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Saturday, December 29, 2012

Society initiated disease

A recent study from the University of Cambridge that shows a clear link between the incidence of schizophrenia and deprivation, population density & societal inequality poses an important question. Do all mental health issues have an underlying cause? Are the individuals from a sick society more likely to develop mental diseases?

Lack of education, employment and income (deprivation), high crime and  inequality (the gap between rich and poor) are characteristics of urban societies with generally high population density. Although cause and effect cannot be fully teased out, the high correlation seen between mental diseases and these types of habitats suggest, at the very least, a strong environmental effect on mental diseases. Treatment of CNS disorders by chemical means has been controversial. For example, a recent report shows that the perpetrators of the last two dozen mass killings in the US were on medication. If the environment is the primary cause of mental health issues, then, both the diagnosis and the treatment of these diseases need to be rethought.

More importantly, society has to assess the total cost of design and redesign. If the status-quo designs lead to segmentation in which certain parts of the system unavoidably pick up higher levels of deprivation, density and inequality and related high costs due to mental diseases, it is important to consider alternatives. The self reinforcing nature of sick societies leading to sicker inhabitants means that breaking this cycle is hard. Investing into improving these environments and their characteristics could have high return to society if all costs are considered.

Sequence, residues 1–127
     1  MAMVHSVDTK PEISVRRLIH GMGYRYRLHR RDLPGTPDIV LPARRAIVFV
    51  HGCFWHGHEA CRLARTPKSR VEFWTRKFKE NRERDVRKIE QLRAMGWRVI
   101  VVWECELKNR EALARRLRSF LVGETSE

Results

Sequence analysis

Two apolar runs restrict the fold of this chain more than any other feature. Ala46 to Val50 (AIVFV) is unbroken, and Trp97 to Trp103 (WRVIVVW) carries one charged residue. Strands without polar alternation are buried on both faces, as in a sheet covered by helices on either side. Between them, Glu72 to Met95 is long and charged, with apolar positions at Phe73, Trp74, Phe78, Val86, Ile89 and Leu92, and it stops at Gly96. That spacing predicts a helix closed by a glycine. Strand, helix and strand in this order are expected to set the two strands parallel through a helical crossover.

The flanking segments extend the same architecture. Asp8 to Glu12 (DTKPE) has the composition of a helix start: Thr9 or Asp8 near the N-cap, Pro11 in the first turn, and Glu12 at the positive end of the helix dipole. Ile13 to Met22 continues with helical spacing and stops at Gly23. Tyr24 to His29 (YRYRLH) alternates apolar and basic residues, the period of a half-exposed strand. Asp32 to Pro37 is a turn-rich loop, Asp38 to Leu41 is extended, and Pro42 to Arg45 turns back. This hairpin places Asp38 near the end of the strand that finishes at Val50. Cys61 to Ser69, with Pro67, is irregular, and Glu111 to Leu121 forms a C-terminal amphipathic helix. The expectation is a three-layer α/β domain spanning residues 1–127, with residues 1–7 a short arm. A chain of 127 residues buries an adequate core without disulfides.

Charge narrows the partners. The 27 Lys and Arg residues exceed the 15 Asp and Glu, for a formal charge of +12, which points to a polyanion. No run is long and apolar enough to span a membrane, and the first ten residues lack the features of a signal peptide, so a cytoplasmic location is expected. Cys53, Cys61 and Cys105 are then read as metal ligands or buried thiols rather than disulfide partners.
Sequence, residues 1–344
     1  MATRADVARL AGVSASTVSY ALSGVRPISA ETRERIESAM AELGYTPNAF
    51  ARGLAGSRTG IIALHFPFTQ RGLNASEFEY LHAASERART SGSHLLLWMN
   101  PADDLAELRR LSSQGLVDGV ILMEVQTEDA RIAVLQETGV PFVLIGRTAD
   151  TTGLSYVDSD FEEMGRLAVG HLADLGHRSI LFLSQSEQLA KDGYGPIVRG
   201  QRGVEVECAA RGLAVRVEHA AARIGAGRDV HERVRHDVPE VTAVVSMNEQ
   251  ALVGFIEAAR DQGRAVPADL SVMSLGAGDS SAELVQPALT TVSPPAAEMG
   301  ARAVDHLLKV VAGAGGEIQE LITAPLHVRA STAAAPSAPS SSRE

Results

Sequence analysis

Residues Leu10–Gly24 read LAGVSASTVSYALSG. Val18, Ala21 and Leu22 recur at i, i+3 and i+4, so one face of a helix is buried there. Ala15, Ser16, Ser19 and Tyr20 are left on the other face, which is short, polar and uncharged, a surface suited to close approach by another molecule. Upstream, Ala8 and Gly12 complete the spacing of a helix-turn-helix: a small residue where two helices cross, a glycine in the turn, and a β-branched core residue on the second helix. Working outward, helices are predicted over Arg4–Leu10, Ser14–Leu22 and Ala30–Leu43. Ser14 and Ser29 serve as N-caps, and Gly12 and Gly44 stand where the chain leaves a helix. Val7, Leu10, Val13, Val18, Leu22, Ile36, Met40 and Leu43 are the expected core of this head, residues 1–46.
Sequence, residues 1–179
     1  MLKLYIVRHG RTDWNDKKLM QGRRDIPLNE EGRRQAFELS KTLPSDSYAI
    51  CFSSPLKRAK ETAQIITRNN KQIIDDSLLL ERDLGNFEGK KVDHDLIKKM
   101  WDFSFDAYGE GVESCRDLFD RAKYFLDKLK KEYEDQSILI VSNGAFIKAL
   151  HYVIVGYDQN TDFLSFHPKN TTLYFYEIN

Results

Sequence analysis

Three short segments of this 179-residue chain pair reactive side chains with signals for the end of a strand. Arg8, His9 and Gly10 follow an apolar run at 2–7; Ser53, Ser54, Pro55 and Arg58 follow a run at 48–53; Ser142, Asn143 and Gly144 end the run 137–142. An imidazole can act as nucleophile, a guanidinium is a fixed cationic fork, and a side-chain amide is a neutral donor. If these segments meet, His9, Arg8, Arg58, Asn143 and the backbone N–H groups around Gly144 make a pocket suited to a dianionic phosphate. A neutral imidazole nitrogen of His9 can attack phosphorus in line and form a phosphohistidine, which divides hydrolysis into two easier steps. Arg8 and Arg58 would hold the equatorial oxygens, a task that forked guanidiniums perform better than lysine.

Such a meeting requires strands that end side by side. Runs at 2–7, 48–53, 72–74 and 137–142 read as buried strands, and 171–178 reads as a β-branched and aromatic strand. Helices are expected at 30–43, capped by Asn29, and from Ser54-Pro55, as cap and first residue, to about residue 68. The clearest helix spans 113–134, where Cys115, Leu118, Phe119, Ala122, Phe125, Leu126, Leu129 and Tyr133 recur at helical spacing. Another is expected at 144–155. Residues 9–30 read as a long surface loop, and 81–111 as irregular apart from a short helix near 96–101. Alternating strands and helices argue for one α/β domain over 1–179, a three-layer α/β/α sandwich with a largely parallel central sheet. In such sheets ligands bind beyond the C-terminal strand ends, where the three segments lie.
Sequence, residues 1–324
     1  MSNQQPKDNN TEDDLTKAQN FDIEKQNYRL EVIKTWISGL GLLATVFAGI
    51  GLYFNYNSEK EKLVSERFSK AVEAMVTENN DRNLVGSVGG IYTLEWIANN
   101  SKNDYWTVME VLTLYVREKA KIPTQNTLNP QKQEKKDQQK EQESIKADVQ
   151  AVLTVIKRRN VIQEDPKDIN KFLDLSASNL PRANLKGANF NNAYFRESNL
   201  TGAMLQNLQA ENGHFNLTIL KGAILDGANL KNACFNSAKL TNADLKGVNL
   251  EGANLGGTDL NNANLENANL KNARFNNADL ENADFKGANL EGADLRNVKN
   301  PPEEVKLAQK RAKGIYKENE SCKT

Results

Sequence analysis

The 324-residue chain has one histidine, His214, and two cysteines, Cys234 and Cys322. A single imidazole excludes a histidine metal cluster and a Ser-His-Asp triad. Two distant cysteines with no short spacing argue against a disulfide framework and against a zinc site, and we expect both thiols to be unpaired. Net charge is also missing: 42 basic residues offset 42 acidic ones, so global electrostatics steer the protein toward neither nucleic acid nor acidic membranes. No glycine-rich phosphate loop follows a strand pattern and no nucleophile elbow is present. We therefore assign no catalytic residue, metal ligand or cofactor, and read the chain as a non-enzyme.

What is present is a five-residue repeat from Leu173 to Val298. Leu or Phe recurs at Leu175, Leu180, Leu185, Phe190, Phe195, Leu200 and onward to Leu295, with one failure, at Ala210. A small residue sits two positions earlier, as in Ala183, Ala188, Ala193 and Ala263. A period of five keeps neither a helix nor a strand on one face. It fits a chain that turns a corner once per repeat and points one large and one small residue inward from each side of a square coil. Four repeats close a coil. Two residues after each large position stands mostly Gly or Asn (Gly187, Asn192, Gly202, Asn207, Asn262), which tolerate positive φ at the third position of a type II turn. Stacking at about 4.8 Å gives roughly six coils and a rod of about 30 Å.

The apparent connection between mental health and societal characteristics is an important notion. Both researchers and policy-makers need to consider this in their work.

Monday, December 24, 2012

Error correction

A recent study in the Proceedings of the National Academy of Sciences demonstrates that birds are able to correct small errors in their songs but not large ones. In fact, a threshold fault can be demonstrated beyond which there is no recovery. If we abstract this for complex systems, it points to many different implications.

Arrival of errors within certain thresholds, is easier for complex organizations to correct. This seemingly obvious conclusion has many practical applications. It has been shown that small errors in airplane cockpits happen on average once every 10 minutes, giving ample time for correction. So the best way to avoid catastrophic failures is to divide aggregate error in chunks and feed to decision-makers so that correction is optimal. This is true in airplane cockpits, companies and policy-making bodies. The inability of the bird brain and presumably the human brain to correct large errors should be considered in all available designs.

Decisions can be optimized by dividing aggregate error into packets of manageable size spread over manageable time.

Sunday, December 23, 2012

Stable pairing

The Gale-Shapely algorithm that showed stable and optimal pairing in a multi-period game was the basis of this year’s Nobel Prize in Economics.  This demonstrates that experiments and thought processes based on market economics is the best way to advance knowledge. Market design and game theory have much to offer for better policy-making as well. Corrupting theory with such artifacts, however, is a dangerous but necessary game.

The current stalemate in Washington, over an artificial and over-articulated fiscal cliff is the case in point. Although policy-makers are not equipped with a level of competence that will make the game possible, what is needed here are better auctions. Mechanisms have to be designed for auctions of policy priorities within the policy-makers’ sphere of influence and the country at large. What is at stake is a trade-off, a transfer of wealth across generations and uncertainty in growth patterns that can be influenced by allocation of capital among private and public users. A market price of policy alternatives has to be revealed and a pragmatic auction process needs to be designed to move toward better outcomes.